I'm not going to comment on the ebb and flow of imagery, because I feel that is more an expression of personal style.. When it comes to criticism of personal style, you are probably going to be your own best and most brutal critic.
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Old October 20th, 2006, 09:50 AM   #6
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I agree with the previous comments. But also, I would've liked to have seen more closeups. A lot of your group shots looked to me as though you were probably standing alongside your brother as he was shooting stills.

As your cash flow increases, you might want to consider getting a stabilizer for the camcorder. Or, before then, you can read up on some techniques to be handheld but not look handheld.

I liked the shot towards the end where initially I wondered what that background was, then as the camera moved, it turned out to be the lighthouse.
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Old October 20th, 2006, 10:34 AM   #7
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wedding clip

Thanks for everyones input. I'm looking at stabilizers now, probably be confident in using one by the time spring rolls around.

As far as the closeups: I was standing alongside my brother for many of the group shots, as it was such a huge party. I didnt want to step on his toes, and was worried about getting in his shot. I let him do most of the group arranging, and he was giving instructions to B&G and the party. I guess with experience I can gain more confidence and go after the shots I have in my mind, rather than shooting so passively.
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Old October 20th, 2006, 11:43 AM   #8
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Hi Rich, I quite liked your clip, I could tell the right thoughts and ideas were in the right places, although it did look overly handheld in parts. Would you listen to me eh? I only shot my first small wedding a week ago and I'm giving others direction lol. Actually, I can relate since when I reviewed my own footage I realised I should have got more close-ups, but being nervous and too timid got in the way. I also tried out the camera tilts and swoops as you have done and I was annoyed by the shaky parts I shot, so don't feel too bad. You might find that when practicing the rolls and tilts over and over in your house, they seem fluid and you think you have it nailed. But, if your anything like me, when it comes to doing it under the pressure of time and spectators, the nerves start!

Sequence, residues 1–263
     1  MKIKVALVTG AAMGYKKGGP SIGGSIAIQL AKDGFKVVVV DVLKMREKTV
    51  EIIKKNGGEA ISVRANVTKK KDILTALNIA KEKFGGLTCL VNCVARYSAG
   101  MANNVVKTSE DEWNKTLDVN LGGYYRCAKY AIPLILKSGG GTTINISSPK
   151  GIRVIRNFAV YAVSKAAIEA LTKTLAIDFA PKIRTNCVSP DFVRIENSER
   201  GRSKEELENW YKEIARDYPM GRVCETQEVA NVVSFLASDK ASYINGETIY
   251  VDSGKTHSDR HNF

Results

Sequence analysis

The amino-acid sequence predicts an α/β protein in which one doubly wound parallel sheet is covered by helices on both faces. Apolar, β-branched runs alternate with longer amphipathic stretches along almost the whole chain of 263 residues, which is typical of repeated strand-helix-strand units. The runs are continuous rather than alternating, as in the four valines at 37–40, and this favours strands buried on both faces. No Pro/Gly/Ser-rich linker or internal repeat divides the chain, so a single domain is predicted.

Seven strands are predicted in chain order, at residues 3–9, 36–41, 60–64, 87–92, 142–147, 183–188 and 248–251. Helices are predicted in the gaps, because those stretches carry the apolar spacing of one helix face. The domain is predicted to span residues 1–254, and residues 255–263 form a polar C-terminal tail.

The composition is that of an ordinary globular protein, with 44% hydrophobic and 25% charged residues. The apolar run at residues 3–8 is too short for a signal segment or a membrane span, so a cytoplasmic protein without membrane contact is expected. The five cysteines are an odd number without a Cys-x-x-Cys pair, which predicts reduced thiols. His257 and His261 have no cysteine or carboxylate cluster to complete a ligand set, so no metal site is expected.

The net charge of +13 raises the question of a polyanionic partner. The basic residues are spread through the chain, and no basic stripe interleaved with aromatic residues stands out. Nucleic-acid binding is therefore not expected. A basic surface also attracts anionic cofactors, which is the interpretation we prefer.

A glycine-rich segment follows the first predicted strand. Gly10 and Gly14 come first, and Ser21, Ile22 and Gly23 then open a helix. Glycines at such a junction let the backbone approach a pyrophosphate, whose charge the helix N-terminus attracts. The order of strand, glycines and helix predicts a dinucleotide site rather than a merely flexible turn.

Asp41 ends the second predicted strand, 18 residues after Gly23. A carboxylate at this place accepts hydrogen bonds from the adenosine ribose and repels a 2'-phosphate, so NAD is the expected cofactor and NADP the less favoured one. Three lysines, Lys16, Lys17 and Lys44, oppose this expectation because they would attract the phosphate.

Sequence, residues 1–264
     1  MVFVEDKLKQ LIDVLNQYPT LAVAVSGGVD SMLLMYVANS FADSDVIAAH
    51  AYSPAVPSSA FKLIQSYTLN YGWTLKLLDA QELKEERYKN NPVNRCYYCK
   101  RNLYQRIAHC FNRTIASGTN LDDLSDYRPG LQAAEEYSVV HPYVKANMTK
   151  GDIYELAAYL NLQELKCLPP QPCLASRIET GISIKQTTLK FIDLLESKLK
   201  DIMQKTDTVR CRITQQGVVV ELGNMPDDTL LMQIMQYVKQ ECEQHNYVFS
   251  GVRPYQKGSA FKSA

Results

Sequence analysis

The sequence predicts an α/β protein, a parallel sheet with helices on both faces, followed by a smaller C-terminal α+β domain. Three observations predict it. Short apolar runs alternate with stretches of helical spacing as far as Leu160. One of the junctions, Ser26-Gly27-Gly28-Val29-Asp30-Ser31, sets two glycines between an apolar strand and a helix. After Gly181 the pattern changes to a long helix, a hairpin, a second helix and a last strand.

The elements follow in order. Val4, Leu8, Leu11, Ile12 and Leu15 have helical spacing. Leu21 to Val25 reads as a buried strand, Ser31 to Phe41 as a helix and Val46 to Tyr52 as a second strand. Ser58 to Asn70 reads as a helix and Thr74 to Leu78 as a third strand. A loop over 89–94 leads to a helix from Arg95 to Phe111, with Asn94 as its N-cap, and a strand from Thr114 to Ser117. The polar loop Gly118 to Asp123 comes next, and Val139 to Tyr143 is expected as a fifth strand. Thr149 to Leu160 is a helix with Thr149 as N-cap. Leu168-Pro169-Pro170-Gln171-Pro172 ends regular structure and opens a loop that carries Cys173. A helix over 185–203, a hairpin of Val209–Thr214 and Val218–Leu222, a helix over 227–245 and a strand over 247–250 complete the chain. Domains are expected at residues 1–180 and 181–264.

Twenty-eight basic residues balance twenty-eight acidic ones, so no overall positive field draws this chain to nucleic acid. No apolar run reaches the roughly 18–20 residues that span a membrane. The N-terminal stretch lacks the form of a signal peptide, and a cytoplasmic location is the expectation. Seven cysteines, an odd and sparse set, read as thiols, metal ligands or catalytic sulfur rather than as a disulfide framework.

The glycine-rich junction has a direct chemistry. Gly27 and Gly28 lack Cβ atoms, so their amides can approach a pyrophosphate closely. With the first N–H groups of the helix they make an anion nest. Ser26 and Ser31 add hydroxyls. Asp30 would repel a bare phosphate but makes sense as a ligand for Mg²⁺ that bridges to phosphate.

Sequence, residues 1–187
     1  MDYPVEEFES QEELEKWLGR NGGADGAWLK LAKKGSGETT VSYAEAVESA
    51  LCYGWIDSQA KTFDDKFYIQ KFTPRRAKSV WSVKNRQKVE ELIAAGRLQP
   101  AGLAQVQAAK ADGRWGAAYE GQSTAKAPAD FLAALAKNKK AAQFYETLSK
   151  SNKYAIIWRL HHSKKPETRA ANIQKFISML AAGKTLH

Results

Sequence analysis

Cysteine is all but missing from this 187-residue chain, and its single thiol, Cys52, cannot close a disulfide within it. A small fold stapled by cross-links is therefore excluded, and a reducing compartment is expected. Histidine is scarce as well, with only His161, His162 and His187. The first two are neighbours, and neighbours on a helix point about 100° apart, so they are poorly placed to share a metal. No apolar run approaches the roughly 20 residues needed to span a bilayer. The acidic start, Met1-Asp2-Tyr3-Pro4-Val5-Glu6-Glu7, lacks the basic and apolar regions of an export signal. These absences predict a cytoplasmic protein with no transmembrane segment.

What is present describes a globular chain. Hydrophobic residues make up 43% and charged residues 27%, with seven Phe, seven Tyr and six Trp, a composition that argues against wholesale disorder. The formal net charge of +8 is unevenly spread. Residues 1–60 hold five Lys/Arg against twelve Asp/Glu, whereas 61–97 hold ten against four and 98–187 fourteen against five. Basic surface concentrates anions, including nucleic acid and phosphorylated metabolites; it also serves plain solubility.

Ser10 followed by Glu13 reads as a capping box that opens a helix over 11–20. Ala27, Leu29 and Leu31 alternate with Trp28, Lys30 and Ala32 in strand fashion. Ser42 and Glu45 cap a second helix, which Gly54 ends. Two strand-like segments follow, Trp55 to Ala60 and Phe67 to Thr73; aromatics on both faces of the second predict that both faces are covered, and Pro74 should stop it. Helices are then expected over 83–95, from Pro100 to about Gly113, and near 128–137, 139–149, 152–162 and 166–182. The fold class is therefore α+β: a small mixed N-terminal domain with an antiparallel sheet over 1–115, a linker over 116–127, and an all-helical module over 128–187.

I'll post mine probably in a few weeks when I get time to edit, so feel free to rip into it lol ;)
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Old October 20th, 2006, 12:51 PM   #9
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Quote:
Originally Posted by Rich Hopkins
...I didn't want to step on his toes, and was worried about getting in his shot. I let him do most of the group arranging, and he was giving instructions to B&G and the party...
Some (most? all?) photogs get annoyed when they set up the shot and the video guy gets footage from his/her efforts. I usually keep my camcorder on a tripod during the group photo shots, and stay some distance behind the photo guy. With that setup, I'm out of the photog's way, but can zoom in & get good steady shots. Rich, in your case, since he's your brother and hopefully a friend as well it should be easy to coordinate for both of you to get what each of you wants. Get your video before the camera flash, since that's when everyone breaks their pose & start moving.

Quote:
Originally Posted by Damian Clarke
..I also tried out the camera tilts and swoops as you have done and I was annoyed by the shaky parts...
Converting shakey footage to slo mo with your editing software helps make the jitter less obvious. Slo mo is also supposed to convey a dreamy romantic effect, but I would caution about over using it. I think it's more effective if used sparingly.